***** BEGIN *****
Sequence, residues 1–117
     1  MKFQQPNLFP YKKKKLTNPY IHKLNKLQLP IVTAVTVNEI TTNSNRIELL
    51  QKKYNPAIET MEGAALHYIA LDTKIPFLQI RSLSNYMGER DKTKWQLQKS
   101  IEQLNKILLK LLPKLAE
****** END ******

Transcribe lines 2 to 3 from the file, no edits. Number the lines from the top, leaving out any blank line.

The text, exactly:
     1  MKFQQPNLFP YKKKKLTNPY IHKLNKLQLP IVTAVTVNEI TTNSNRIELL
    51  QKKYNPAIET MEGAALHYIA LDTKIPFLQI RSLSNYMGER DKTKWQLQKS